Now it has to be said that I have not been there since, perhaps, primary school. So it was quite a joy to find the place far more interesting than my hazy memories would have it. We didn’t have time to see everything, and for me it was really about going along with what the kids found interesting. So in the 1.5 hours we were there, here’s what they especially liked:
- The optical illusions at the main atrium – Interesting stuff, and a reminder that seeing is not always believing. One particular effect made the visitor’s head looked like it had been decapitated and served on a platter. The kids had a good chuckle, and even I did a double-take!
- The human body – we played a few rounds of the memory game, the touch-and-guess game, and the exhibit on pregnancy and labour gave me the chance to tell them how they grew from the size of a pea to a baby, and how they came out. They didn’t ask about how they got there in the first place, and I, ahem, didn’t think it necessary to explain. 🙂
- Energy – there were exhibits on electricity, gravity and sound which they liked very much. The Gravitram, which drops balls from a height down a series of tracks and slopes, captivated them for a while. But nothing holds a candle to Audio-Kinetica, an installation at the entrance to the Science Centre that shows how latent energy converts to kinetic and sound energy.
- Waterworks – absolute favourite. This is an outdoor area with fountains and other features, where many kids strip down to their bare essentials and get soaking wet. The boys loved the vortex pool, which sucks plastic balls down and out onto tracks, eventually leading them back to the vortex again.
Most of the science will be lost on kids under 5, but there’s a high level of interactivity so it’s still a barrel of fun, and hopefully they’ll have positive associations with science.
Admission fees are reasonable: $6 for adults, $3 for kids. The family membership card is $35 for up to 2 adults and 3 kids, meaning that you more than break even on the second visit, or on the third visit if you go as one parent and two kids. Once again, the Singaporean in me shouts hurrah!
And what more, parking is free!
Here are pictures of Audio-Kinetica
And here are pictures of Waterworks
Aramis has just turned 6 months! We started him on solids about a month ago – in part out of desperation because my milk supply wasn’t keeping up with his insatiable appetite. His first morsel of food was mashed banana. Just a wee teaspoon which seemed to amuse him though he couldn’t quite swallow it.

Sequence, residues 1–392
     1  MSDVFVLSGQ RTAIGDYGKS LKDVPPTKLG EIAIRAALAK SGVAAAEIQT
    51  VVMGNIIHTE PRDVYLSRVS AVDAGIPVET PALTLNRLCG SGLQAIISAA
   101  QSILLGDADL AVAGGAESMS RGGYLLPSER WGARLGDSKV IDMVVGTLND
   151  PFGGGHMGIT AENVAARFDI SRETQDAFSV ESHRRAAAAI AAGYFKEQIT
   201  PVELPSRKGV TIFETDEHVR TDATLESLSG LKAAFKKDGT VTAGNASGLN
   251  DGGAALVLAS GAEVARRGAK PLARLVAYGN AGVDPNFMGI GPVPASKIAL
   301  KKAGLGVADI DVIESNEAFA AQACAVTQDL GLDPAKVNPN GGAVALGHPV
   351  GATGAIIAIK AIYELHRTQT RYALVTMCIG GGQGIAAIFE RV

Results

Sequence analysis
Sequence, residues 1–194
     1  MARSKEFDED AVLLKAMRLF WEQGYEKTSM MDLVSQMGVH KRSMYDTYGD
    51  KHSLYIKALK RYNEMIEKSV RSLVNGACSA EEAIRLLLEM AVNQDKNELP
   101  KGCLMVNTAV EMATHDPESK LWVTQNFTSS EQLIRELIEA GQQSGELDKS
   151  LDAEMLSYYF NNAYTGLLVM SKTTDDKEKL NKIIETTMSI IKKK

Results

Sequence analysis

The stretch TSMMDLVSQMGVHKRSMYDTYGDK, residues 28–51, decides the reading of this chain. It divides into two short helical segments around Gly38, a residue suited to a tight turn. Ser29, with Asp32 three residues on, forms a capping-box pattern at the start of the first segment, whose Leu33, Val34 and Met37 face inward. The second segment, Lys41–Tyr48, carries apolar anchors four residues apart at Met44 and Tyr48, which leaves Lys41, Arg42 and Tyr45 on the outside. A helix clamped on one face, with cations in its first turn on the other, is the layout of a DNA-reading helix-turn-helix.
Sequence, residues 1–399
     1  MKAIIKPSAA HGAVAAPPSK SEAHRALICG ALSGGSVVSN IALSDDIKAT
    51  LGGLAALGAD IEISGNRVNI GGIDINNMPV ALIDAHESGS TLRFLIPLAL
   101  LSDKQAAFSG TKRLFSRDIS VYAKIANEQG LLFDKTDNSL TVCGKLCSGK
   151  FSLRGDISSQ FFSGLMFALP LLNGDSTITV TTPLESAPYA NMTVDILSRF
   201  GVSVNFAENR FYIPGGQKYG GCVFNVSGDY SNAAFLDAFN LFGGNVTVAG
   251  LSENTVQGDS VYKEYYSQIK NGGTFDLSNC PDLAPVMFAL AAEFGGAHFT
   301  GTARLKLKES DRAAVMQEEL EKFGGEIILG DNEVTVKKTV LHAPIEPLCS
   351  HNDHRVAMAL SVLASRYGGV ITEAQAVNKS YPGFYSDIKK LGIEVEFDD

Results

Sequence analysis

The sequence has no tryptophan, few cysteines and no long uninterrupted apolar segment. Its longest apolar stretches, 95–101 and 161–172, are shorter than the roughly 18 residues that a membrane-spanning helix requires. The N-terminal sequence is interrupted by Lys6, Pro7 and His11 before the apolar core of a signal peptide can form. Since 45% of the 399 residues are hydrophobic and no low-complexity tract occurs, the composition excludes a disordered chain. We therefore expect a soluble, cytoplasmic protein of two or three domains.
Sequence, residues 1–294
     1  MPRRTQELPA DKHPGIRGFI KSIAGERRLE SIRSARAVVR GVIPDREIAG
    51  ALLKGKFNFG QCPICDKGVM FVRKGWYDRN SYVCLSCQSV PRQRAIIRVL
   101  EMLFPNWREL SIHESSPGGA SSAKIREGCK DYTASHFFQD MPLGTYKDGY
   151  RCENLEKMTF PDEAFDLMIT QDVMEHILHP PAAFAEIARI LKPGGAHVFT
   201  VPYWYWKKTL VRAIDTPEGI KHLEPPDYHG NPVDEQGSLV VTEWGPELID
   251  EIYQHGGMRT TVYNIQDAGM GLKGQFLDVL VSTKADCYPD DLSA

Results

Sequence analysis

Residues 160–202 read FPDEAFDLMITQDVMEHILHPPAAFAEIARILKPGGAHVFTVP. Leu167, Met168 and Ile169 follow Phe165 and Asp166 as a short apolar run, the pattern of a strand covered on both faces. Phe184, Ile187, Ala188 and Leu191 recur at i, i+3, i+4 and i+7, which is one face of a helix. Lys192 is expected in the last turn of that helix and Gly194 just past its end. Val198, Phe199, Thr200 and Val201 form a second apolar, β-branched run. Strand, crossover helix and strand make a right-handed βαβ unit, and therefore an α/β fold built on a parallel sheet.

Since then, he’s had apple, papaya and brown rice, and he seems to be taking it all in his stride. He now takes solids twice a day. I know it’s a matter of time before he, like his brothers, will no longer need me to supply his meals.
Part of me looks forward to stopping breastfeeding. But another part of me whispers that this is a role I’m unlikely to reprise. I think of those times when he’s suckling and gazing at me intently as I talk or sing to him, and I know that those are moments I wouldn’t give up for the world.
The PSI has been hovering around 40 today – the lowest in many days and delightful timing since it’s a public holiday!
We blew bubbles, cycled, read, baked cookies, watched a Winnie the Pooh video, and played endless rounds of Snap and Donkey. We also tried a new game that I found in a book sometime back. Turned out to be a big hit with Athos and Porthos.
All it involves is a box of tootpicks, a deck of cards and this gameboard and you’re ready to go!
Each player should have his own gameboard house and the aim of the game is to be the first to complete the house using toothpicks. Players take turns to draw cards and act based on what cards they draw.
- King, Queen or Jack – take 1 toothpick to build your house
- Ace – take 2 toothpicks to build your house
- Joker – put back 1 toothpick
- 8 – take 1 toothpick from your house and build the house of the player on your right
- 2 of Spades – put back all toothpicks and start over
- All other cards – no action
The above rule set means that there is some action required for one out of every two cards. If you want more activitiy and excitement, you can of course change the rules. The favourite for us was the 8 and the 2 of Spades!
This haze is driving us berserk. We’ve been forced to stay indoors and the boys are bouncing off the walls. Suddenly the control freak in me is reminded how powerless I really am.